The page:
Map of climate change deniers in Congress

map of climate change deniers in congress - arkansas
Screen capture Think Progress

During his 2013 State of the Union address, President Obama said that if Congress didn't act soon to pass laws to address climate change, he would. Last week, Obama fulfilled that promise when he announced his new climate change policy.

If you're wondering why Congress has yet to tackle this global crisis despite overwhelming scientific consensus and ballooning costs of inaction, Think Progress has an interactive map that shows the huge sums of political donations given by the oil and gas industry alongside which members of Congress deny the realities of global warming.

All told, 155 elected representatives in the 113th Congress have taken over $51 million from the fossil fuel industry that’s driving the carbon emissions which cause climate change. They deny what over 97 percent of scientists say is happening — current human activity creates the greenhouse gas emissions that trap heat within the atmosphere and cause climate change. And their constituents are paying the price, with Americans across the nation suffering 368 climate-related national disaster declarations since 2011.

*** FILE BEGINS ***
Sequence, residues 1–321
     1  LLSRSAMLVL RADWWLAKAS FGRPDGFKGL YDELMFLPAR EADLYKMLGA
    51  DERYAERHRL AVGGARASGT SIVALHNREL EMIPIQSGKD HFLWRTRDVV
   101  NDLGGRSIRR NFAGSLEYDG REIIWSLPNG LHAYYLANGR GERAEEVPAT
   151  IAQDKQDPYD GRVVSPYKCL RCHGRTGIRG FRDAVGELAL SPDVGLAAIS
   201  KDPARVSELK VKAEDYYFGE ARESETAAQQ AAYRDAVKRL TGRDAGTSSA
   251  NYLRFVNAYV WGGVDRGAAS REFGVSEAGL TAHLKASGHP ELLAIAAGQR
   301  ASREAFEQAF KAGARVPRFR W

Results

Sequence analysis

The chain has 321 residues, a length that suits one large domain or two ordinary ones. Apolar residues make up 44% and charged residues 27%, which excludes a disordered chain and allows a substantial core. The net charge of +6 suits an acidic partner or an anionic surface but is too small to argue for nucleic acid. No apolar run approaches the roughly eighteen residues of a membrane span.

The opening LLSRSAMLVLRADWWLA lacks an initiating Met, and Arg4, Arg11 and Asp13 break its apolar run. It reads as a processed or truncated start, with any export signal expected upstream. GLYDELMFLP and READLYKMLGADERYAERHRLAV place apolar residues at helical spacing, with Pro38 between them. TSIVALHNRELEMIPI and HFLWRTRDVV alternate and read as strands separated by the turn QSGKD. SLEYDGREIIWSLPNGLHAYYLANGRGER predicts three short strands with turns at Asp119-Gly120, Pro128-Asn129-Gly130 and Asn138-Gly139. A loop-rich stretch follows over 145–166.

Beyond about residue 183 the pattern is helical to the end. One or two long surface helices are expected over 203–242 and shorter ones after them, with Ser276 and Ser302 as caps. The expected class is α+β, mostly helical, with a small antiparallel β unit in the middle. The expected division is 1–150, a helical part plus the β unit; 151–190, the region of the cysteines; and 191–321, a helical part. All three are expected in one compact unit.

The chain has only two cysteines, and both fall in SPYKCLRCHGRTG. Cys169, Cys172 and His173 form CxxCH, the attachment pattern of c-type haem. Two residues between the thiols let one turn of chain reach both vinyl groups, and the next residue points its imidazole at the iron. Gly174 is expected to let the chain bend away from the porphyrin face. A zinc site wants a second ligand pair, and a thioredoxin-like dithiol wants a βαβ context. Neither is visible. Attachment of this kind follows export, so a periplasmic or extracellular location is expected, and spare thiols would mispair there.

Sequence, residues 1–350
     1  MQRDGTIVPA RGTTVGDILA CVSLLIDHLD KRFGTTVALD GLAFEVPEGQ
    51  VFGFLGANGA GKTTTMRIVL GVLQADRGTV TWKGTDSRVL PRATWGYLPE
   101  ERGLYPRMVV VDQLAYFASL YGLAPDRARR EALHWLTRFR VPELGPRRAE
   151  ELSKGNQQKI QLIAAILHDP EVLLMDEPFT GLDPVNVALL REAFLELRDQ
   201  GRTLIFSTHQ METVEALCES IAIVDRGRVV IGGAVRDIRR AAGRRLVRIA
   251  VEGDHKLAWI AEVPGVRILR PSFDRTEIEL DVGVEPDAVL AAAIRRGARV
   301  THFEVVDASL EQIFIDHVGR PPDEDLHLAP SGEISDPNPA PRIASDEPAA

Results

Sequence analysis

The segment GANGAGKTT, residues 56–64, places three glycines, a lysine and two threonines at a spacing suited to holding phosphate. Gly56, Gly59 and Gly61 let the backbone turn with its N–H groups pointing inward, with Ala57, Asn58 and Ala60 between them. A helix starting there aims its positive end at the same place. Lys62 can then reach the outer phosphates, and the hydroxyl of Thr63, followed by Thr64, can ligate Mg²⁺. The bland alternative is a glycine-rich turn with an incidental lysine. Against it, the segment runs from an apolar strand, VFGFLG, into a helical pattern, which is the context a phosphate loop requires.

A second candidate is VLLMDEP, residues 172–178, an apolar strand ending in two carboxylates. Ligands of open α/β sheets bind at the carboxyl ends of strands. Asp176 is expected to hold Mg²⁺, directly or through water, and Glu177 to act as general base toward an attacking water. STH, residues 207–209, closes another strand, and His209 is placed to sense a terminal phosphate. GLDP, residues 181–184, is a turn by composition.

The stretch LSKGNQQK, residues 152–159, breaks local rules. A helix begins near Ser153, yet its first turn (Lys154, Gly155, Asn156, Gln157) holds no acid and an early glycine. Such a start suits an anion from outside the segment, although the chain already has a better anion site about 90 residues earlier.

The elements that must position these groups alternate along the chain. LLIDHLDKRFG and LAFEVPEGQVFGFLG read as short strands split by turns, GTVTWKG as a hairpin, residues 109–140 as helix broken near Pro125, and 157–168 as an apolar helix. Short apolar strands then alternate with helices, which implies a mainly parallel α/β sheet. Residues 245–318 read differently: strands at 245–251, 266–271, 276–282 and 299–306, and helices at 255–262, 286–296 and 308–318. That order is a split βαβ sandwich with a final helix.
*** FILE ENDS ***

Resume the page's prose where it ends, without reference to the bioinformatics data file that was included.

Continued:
In addition to publishing the climate change plan, an infographic and fact sheet, the White House also has an informative state-by-state report on the consequences of climate change.

Here's a look at what is facing my homestate of Arkansas:

  • The US Department of Agriculture designated the entire state of Arkansas as a primary natural disaster area due to drought conditions in the summer of 2012.

  • In July 2011, President Obama declared a major disaster area in Arkansas due to severe storms and flooding, which affected nearly 400 residences and required $8.2 million in federal assistance for cleanup.

  • In Arkansas, there were close to 2,700 hospital admissions for asthma in 2011, with an average charge of over $14,000 for each stay.

  • Warmer spring temperatures may make ragweed, which can cause hay fever and trigger asthma attacks, bloom earlier. Rogers experienced a 12-day increase in ragweed pollen season between 1995 and 2011.

See the rest of the state-by-state report here.

via The Dish

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